From this pit sprang an overwhelming desire to feel useful, to prove that my being here wasn’t just an accretion of days that blur together. A hope that with the limited skill I have, I could do something meaningful. Instead, I continued to drive every morning the long commute from Hollywood to my stultifying office job in Chatsworth, where the most exciting part of my daily life was passing by the Santa Susana Park trail that led winding into the rocky, cragged-jagged hills that once housed Spahn Ranch, the old movie set where the Manson Family lived in the late ‘60s. I would stare down that path every morning while sitting at the never-ending red light on Topanga Canyon, and wonder how much longer my heart could take living this unrealized life before…before it couldn’t. Before I came to a point in which it would feel easier to simply exit early rather than keep watching my life’s movie any longer.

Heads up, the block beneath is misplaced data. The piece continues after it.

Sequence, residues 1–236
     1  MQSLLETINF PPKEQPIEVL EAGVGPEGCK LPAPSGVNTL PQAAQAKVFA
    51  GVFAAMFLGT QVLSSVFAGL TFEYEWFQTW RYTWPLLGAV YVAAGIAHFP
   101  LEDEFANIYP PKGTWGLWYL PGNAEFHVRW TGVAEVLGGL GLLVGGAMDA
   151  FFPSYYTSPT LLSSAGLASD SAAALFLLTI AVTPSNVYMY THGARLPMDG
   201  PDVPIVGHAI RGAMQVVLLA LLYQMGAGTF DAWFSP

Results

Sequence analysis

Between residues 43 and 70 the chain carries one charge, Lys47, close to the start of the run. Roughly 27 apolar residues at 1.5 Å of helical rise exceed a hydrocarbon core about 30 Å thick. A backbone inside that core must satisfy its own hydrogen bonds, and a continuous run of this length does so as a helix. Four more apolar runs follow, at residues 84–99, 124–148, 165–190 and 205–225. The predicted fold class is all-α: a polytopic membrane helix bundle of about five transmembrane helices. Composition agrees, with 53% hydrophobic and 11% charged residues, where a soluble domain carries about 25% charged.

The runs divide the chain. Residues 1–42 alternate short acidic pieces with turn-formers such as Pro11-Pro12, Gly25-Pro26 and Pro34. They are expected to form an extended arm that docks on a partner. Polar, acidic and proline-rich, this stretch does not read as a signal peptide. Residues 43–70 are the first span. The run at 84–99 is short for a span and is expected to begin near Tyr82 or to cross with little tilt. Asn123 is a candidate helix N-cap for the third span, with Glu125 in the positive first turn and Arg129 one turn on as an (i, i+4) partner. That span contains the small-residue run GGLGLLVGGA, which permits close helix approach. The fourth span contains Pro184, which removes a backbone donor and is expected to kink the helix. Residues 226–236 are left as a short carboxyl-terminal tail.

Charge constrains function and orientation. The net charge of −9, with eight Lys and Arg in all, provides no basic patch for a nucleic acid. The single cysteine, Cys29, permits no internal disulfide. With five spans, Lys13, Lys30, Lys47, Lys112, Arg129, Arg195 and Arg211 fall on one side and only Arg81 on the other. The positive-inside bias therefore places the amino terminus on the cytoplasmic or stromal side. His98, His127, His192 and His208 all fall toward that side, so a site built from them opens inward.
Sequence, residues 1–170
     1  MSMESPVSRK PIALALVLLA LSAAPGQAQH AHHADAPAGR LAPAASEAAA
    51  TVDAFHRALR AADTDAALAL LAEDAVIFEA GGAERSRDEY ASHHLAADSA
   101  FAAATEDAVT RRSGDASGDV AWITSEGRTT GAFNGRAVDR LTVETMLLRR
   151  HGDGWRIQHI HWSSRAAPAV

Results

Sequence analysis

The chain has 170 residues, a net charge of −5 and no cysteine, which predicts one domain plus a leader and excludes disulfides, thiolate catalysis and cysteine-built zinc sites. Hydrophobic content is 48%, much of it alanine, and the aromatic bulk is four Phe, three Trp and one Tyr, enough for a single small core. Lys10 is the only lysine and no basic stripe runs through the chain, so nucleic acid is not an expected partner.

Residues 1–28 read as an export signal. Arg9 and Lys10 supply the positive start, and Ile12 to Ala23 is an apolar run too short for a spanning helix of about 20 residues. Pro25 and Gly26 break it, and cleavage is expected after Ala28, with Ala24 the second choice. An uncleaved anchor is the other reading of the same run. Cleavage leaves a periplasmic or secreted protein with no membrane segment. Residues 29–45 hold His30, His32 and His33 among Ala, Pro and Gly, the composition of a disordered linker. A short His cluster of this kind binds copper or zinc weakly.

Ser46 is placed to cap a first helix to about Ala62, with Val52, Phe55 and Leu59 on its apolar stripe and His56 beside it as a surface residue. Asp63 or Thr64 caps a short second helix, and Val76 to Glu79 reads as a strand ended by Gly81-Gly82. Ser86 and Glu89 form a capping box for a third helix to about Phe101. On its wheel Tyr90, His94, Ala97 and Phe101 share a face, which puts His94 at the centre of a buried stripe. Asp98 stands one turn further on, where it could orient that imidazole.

It was with this hanging heavy in mind that I entered the theater that Saturday morning in July. Beneath a lightshot and flickering 70mm projection of Rick Dalton, a once-promising star turned C-level journeyman midway through an unremarkable career, I recognized my own insecurities and terrors amidst an embarrassing amount of privilege. I saw the humor in how well he lived despite his navel gazing; but I also couldn’t help but identify with and understand his almost suicidal pain. Just as the self-pitying Rick could only see in Easy Breezy a reflection of his own intense sorrow, when looking at Rick I could only see my own mistakes and false-starts, my own late-30s pileup of pitiful fears and unrealized dreams and burning self-hate. I saw our mutual uselessness, blown larger than life and mirrored back to me at 24 frames per second. I looked at Rick Dalton and I saw myself.